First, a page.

CONCORD, N.H. — Boston Salads and Provisions Company Inc. is recalling approximately 223,000 pounds of ready-to-eat chicken salad products, due to possible contamination with Listeria monocytogenes according to the U.S. Department of Agriculture’s Food Safety and Inspection Service.
The products were produced between Aug. 23 and Oct. 14, 2013, and shipped to wholesalers for further distribution to retail locations in Massachusetts and New Hampshire.
The New Hampshire Department of Health and Human Services is not aware of any illnesses in the state related to this recall.
Case labels or packaging may bear the sell by dates ranging from “9/13/2013” through “11/4/2013” as well as the establishment number “P-17999” inside the USDA mark of inspection. Although product included in this recall may be expired, FSIS is concerned that some product may be frozen in consumer or retail freezers.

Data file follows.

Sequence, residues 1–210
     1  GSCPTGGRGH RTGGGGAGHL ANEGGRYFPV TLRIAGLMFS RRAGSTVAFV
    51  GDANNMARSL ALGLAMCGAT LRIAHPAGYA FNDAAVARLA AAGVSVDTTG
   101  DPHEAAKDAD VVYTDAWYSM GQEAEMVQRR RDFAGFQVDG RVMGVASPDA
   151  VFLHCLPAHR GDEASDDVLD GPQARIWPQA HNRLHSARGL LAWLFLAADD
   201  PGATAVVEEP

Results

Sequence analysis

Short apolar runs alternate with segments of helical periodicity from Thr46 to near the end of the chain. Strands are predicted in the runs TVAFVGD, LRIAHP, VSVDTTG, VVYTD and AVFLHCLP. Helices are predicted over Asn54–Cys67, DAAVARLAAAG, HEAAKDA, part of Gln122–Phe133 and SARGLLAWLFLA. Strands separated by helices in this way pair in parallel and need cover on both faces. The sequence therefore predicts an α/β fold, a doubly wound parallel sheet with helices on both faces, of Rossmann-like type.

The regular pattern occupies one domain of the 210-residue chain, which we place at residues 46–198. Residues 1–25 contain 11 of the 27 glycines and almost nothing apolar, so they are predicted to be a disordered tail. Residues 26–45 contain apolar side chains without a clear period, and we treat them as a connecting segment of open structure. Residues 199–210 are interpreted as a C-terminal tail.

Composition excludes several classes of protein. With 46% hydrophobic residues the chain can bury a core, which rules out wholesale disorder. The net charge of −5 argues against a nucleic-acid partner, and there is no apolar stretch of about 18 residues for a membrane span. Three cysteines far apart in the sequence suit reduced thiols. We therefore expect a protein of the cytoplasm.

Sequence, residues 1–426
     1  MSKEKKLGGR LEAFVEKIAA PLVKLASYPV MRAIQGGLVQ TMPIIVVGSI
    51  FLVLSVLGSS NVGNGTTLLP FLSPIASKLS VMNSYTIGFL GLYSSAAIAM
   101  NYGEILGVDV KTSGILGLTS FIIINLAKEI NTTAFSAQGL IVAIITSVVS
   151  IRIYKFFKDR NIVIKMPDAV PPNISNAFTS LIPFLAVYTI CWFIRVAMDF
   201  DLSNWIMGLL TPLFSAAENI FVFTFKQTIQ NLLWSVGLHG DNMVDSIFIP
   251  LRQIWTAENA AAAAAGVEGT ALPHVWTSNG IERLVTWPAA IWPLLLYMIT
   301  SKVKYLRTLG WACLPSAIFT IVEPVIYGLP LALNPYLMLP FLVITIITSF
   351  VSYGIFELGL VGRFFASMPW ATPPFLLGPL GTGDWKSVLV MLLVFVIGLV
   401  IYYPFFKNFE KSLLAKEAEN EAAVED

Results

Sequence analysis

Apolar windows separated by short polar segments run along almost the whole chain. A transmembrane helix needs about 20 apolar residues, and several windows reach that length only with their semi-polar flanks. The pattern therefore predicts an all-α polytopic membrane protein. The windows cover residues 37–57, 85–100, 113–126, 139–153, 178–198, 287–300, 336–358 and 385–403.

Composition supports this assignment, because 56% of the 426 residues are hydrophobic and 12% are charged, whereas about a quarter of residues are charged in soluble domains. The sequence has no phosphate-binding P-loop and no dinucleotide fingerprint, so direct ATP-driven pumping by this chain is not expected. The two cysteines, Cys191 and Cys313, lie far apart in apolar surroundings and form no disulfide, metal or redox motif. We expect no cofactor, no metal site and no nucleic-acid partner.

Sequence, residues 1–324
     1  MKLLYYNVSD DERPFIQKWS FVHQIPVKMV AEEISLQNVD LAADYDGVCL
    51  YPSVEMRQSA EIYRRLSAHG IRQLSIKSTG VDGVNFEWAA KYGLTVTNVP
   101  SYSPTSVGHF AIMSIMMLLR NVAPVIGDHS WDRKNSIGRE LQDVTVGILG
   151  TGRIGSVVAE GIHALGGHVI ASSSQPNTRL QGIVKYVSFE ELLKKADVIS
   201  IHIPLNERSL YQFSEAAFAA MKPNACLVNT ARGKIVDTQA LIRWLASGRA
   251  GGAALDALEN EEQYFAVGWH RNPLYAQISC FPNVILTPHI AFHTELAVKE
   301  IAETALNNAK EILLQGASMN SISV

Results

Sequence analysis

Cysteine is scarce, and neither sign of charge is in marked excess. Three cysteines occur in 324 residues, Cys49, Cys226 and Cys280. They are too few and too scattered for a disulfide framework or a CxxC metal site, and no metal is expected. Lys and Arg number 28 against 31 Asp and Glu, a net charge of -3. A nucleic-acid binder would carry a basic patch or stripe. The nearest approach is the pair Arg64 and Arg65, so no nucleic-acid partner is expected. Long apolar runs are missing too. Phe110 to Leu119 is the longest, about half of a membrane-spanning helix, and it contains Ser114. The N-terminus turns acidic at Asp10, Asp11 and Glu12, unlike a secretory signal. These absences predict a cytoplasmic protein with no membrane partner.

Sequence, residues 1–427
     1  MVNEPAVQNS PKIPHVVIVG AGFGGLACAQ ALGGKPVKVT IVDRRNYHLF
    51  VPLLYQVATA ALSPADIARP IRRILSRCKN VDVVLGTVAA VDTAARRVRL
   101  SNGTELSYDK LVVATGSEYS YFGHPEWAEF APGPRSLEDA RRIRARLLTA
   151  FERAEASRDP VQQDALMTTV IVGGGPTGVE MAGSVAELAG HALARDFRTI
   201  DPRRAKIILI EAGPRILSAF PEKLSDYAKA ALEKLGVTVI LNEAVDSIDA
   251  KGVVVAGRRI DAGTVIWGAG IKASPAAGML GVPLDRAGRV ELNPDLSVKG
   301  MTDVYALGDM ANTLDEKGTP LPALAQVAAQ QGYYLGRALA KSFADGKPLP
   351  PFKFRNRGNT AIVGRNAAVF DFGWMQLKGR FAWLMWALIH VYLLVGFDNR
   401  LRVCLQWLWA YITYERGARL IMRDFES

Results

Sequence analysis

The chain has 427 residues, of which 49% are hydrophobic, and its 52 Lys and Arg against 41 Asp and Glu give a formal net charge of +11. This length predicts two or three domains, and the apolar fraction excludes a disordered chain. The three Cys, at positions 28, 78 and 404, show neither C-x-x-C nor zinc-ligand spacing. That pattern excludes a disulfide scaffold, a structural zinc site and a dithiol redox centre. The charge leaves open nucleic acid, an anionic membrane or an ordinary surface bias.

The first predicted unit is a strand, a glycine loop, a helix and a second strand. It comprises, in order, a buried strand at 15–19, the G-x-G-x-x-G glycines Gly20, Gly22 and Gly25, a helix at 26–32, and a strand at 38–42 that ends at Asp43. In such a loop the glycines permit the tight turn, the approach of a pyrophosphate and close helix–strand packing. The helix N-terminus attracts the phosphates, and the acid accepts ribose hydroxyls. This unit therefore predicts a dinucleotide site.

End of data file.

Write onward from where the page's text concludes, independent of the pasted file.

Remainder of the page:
The problem was discovered by routine sampling which led to further testing and confirmation of product contamination with Listeria. Additional recalls may occur as the investigation continues. A list of recalled products to date is available at www.fsis.usda.gov/wps/portal/fsis/topics/recalls-and-public-health-alerts/recall-case-archive/archive/2013/recall-061-2013-release.
If consumers have any of these products at home they are advised to discard them immediately and not eat them.
“It is important that all consumers, including retailers who may purchase larger containers for redistribution, check their freezers for this product,” said Dr. José Montero, Director of Public Health at DHHS. “We are going to be keeping a close eye on this situation and continue monitoring for affected products and possible cases of illness. We will keep the public informed of any new developments.”
Infection with listeriosis can produce such symptoms as fever, muscle aches, and sometimes nausea and vomiting. If the infection spreads to the central nervous system, symptoms can include headache, stiff neck, confusion, loss of balance or convulsions. Listeriosis can be treated with antibiotics, so anyone who suspects they may have the illness should contact their healthcare provider.
For more information about listeriosis, visit cdc.gov/listeria/index.html. Since this may be an evolving situation, consumers are advised to check the USDA’s website at fsis.usda.gov/wps/portal/fsis/home for updates.